Old State Capitol

Let Freedom Ring March

Apr 9, 2015

Bells rang out as students made their way from President Abraham Lincoln's home to the Old State Capitol. 

April marks the month that both Lincoln and Dr. Martin Luther King Jr. were assassinated.

I talked with one of the parent educators from Jefferson Middle School; Monica Walls Butler says it's important for young people to know their history. 

Amanda Vinicky/WUIS

  On the anniversary of Abraham Lincoln's birth Wednesday, the U.S. Postal Service issued a new stamp paying homage to the Sixteenth President.

A new, black-and-white, 21 cent stamp is available at post offices nationwide. It features a close-up photograph of the Lincoln Memorial statue, in Washington D.C. But the unveiling of the stamp wasn't there.

The ceremony was at the Old State Capitol building, in Springfield — where Lincoln gave his "House Divided" speech.

Amy Martin is director of the Illinois Historic Preservation Agency.

The U.S. Postal Service has a present for Abraham Lincoln fans this week.   On his birthday Wednesday, a new stamp will be unveiled at the Old State Capitol depicting Lincoln.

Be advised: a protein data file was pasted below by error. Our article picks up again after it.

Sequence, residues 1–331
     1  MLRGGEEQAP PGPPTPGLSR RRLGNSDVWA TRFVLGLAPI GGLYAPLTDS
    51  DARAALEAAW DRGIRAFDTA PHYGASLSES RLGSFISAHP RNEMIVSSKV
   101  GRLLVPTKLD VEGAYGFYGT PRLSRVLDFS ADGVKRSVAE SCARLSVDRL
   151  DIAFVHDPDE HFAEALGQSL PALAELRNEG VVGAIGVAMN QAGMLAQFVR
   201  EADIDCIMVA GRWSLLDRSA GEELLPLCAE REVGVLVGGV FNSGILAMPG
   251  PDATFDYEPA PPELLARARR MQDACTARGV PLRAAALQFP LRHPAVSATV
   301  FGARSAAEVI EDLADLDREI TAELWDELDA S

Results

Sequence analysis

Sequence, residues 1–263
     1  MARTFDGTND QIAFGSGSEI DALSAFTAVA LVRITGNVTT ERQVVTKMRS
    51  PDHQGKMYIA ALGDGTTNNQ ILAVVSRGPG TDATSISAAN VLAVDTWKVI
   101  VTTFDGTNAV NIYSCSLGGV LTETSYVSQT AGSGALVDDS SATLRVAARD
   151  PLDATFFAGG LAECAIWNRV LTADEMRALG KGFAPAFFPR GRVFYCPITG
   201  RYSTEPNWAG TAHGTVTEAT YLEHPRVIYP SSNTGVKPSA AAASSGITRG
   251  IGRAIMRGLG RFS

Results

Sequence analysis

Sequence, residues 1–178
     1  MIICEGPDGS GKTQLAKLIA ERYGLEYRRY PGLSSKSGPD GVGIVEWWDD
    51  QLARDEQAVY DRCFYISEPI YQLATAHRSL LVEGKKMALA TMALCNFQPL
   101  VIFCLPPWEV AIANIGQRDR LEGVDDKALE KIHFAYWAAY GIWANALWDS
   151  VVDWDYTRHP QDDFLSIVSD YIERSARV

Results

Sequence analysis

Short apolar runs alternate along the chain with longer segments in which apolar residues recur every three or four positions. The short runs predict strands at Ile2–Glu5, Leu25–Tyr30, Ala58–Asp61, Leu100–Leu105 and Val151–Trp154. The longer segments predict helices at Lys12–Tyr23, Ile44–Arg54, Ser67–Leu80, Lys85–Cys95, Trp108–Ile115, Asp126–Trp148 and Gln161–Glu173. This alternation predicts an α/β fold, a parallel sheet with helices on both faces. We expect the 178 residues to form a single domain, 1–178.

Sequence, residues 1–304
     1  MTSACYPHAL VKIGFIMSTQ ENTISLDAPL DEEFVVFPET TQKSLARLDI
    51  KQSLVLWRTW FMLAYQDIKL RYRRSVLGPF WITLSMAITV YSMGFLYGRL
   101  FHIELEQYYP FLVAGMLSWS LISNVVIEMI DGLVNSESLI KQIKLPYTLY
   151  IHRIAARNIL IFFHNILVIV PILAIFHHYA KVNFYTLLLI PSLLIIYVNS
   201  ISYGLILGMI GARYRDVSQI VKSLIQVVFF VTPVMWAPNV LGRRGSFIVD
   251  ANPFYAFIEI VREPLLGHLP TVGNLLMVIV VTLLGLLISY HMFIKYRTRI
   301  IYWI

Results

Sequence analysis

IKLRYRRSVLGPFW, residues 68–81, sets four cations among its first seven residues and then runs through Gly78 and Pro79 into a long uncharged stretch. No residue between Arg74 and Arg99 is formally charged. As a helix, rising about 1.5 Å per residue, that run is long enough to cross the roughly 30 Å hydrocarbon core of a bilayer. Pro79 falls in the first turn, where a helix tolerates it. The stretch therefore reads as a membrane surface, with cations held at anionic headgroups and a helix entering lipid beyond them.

It's part of events that will mark the 205th anniversary of Lincoln's birth.  

The House chamber, seen in the middle of renovation last November, is expected to be unveiled in early February.
Bethany Carson / WUIS/Illinois Issues

One hundred and eighteen years after construction was completed on Illinois’ sixth state Capitol, the House and Senate chambers have been restored to resemble the plush style envisioned by architects John Cochrane of Chicago and Alfred Piquenard of France.

Since last spring, hundreds of specialized workers have toiled around the clock to restore history. At the same time, they upgraded the heating and air conditioning system, fire safety features, Internet capabili- ties and wheelchair accessibility.

Bethany Jaeger
WUIS/Illinois Issues

I take the scenic route to work every morning. I walk up three flights of the Illinois Capitol's grand staircase that lead to a towering piece of art above the Press Room door.

It's a 20-foot-by-40-foot painting of a 1778 peace treaty with George Rogers Clark and Native Americans at Fort Kaskaskia, and it almost looks small compared to the impressive depth and ornate detail of the stained glass dome soaring above the Capitol rotunda.